Do you like trading breakouts to new highs? So do I. And here’s what I’ve learned about them…
A lot of traders hate breakouts.
They’re scared of new highs. The high failure rate makes them look like a loosing method. But breakouts can be a great way of finding and entering trades, if you know what to look for.
Because of this I put together a post sharing what I have learned about trading breakouts over the last 10 years trading them.
At the heart of trend following is the breakout (or the breakdown).
The breakout occurs when price rises above (or below) a prior level of resistance (or support). Here are some examples of winning breakouts.
Of the many entry methods available, breakouts to new highs are my favorites.
Whether we’re talking about new all time highs, 1 month highs or new 1 year highs, breakouts are a sign of strength that cannot be ignored.
When it comes to time frames, breakouts can occur across any time frame.
Intra-day, daily, weekly and monthly charts can all contain great breakout trade opportunities. They can be massive, wide range breakouts or they can be quiet, unannounced secret “sneak outs”.
When it comes to breakouts, there are 4 types of breakouts that you can be sure to encounter.
1. The Legitimate Breakout
For me there is no better feeling in all of trading than being involved in a legitimate breakout. You’re in, price rises instantaneously and it never looks back.
It might pullback for a few bars but for the most part it’s up, up, and away until the trend ends.
This is what every trend trader lives for and it happens about 30% of the time and depending on the time frame you are trading you can get some very good gains.
So about 3 times out of every 10 trades.
A close cousin to the legit breakout is the breakout with a retrace and it looks like this:
2. Breakout With Retrace
Next to a legitimate breakout, the next best breakout trade is the breakout with retrace.
Price breaks out smoothly as with the legitimate breakout, but quickly loses steam and slowly (or quickly) price slides back to the breakout area.
This happens often enough that many traders actually wait for the retest to buy.
Of course, price doesn’t have to retrace and almost like magic, the one time you do wait for it to retrace is the one time it takes off like a rocket without you!
3. The Fakeout
The ugly step-cousin of the legit breakout is the fakeout. This pattern occurs when price breaks out to new highs and instantly reverses.
Because trends fail to develop 60-70 percent of the time you will find yourself in fakeouts a lot. But there’s a key to managing this pattern emotionally and intellectually: if you know they are going to happen and you know how much they are going to happen then you should NOT consider them a fakeout, because…
NO ONE HAS FAKED YOU OUT!
You have taken a position with a known failure rate and you know what you are looking for and if it doesn’t play out then that’s the cost of doing business as a trend follower.
If there is no better feeling than the breakout there is no WORSE feeling than the fakeout. Here, the moment you buy price reverses and heads for your stop-loss without ever moving in your direction.
As you watch it slide you rationalize that you know this can happen, that you know how much it can happen but nothing really helps the feeling. And here’s another ugly part. If these trades happen enough to you, pretty soon you will start closing the trades early to outsmart them.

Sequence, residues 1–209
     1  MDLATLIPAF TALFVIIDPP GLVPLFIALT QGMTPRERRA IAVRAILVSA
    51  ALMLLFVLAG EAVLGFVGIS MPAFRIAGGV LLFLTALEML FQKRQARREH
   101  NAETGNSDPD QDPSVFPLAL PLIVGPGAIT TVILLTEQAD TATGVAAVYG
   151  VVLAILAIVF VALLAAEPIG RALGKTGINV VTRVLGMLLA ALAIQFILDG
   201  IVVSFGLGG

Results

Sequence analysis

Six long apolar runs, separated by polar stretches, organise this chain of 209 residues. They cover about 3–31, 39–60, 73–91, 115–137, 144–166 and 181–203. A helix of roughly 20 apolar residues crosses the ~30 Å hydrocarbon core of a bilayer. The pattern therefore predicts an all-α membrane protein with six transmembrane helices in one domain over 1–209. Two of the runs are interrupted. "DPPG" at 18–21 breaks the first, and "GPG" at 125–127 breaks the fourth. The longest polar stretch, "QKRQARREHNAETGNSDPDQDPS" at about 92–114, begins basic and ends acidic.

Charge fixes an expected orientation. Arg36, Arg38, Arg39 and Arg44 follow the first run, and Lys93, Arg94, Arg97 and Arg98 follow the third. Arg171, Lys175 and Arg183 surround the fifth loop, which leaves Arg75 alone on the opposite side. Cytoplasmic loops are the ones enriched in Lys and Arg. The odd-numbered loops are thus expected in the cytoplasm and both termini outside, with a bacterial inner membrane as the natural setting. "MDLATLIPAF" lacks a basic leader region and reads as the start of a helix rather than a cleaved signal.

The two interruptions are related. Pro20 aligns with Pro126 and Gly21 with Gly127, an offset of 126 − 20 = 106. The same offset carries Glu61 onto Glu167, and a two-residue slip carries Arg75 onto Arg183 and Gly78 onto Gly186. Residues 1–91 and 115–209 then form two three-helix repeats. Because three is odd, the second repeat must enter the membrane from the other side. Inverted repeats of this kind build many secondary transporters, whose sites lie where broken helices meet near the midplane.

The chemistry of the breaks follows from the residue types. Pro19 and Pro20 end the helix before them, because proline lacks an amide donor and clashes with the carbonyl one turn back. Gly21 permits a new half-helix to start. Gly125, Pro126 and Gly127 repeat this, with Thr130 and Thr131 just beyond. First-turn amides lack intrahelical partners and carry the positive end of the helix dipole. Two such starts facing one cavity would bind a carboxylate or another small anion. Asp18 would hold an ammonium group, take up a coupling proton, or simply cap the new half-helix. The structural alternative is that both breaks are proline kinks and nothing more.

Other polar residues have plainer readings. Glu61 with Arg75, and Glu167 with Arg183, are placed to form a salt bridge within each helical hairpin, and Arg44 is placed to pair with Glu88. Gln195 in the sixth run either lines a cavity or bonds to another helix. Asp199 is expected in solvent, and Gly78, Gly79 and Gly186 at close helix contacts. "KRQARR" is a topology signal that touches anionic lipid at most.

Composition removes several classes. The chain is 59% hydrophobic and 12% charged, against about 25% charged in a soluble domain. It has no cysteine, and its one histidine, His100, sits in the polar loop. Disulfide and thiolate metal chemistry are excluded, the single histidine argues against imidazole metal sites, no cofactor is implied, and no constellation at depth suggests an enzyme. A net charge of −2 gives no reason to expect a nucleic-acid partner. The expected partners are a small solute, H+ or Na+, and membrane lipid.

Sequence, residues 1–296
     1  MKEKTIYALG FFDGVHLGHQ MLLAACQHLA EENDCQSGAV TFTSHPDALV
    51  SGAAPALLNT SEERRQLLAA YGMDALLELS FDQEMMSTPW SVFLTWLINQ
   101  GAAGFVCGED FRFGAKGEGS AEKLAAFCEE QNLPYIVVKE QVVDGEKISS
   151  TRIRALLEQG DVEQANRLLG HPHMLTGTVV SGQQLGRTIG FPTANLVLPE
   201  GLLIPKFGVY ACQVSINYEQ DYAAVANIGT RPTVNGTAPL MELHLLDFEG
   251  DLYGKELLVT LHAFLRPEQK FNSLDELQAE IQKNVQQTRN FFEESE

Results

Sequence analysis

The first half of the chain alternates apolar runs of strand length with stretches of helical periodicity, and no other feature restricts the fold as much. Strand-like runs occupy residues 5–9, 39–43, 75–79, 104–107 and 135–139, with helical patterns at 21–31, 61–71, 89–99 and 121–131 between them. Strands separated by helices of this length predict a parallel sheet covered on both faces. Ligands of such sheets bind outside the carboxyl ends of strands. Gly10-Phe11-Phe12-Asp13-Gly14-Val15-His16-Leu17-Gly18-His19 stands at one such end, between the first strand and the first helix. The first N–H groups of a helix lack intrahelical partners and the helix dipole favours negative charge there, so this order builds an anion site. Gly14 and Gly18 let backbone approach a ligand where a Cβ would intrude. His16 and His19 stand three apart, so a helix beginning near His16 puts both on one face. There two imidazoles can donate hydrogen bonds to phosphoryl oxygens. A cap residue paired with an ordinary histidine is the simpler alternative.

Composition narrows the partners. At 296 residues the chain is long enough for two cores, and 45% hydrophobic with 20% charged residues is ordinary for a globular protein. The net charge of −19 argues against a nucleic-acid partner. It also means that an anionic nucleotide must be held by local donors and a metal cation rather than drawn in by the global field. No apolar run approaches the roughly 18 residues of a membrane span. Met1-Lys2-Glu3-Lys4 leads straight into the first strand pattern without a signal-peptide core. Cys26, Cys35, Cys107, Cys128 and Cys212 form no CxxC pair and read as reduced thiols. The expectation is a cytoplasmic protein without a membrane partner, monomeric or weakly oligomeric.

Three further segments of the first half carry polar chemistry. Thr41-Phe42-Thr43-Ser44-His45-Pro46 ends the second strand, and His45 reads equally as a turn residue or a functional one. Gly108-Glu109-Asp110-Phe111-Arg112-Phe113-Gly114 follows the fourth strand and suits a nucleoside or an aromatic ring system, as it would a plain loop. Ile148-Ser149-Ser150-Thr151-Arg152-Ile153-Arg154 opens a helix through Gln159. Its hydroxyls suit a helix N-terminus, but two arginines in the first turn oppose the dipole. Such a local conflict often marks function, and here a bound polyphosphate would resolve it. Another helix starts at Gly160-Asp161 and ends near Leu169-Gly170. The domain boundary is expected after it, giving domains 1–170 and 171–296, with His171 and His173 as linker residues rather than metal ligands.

Only one of the trades you close early won’t make it all the way to the other channel. It will reverse and skyrocket upward letting you know that you cannot outsmart the trade you have to let it work or abandon the system.
The other ugly part is that fakeouts occur 65-70% of the time. Which is the reason most traders cannot trade a trend following system. It’s very tough on the nerves.
The final trade is the Fizzle Out.
It looks like this:
4. The Fizzleout
Here, price breaks out, gets you excited and then…just…staaaaalls. It sits there going up and down. It might pullback inside the channels, it might bounce back and forth just above your entry…but it literally does nothing.
With the fizzleout your trade might initially move 5-10% in your favor, and then come back in.
Trend trading dictates that you cannot close out for that 10% because it could go much higher, and truly, you only need to close one trade at 10% and watch it go on to 100% to realize this yourself. So you have to let them sit until your stop loss rises by itself and you close for a gain of 1%, or some other such meaningless number.
This type of trade occurs about 10-15%.
In addition to upside breakouts, you can also trades downside breakouts, aka breakdowns. To get a visual on the short side breakdown simply flip the upside breakout charts.
Here they are…
5. The Legit Breakdown:
6. The Legit Breakdown with Retest
7. The Short side Fakeout
8. The Short side Fizzle Out
So there you have it. 4 breakout patterns and their short side counterparts.
Certainly successful trading is a lot more involved than just finding the right entry. There’s exits, money management, trade management.
But in the end, trend following has a lot to do with how well you can handle successive losing trades and then stay in the big winners. It requires strict discipline and money management, but when it works, there is no better trade in my opinion.
For a copy of this post in e-book form, click the link below.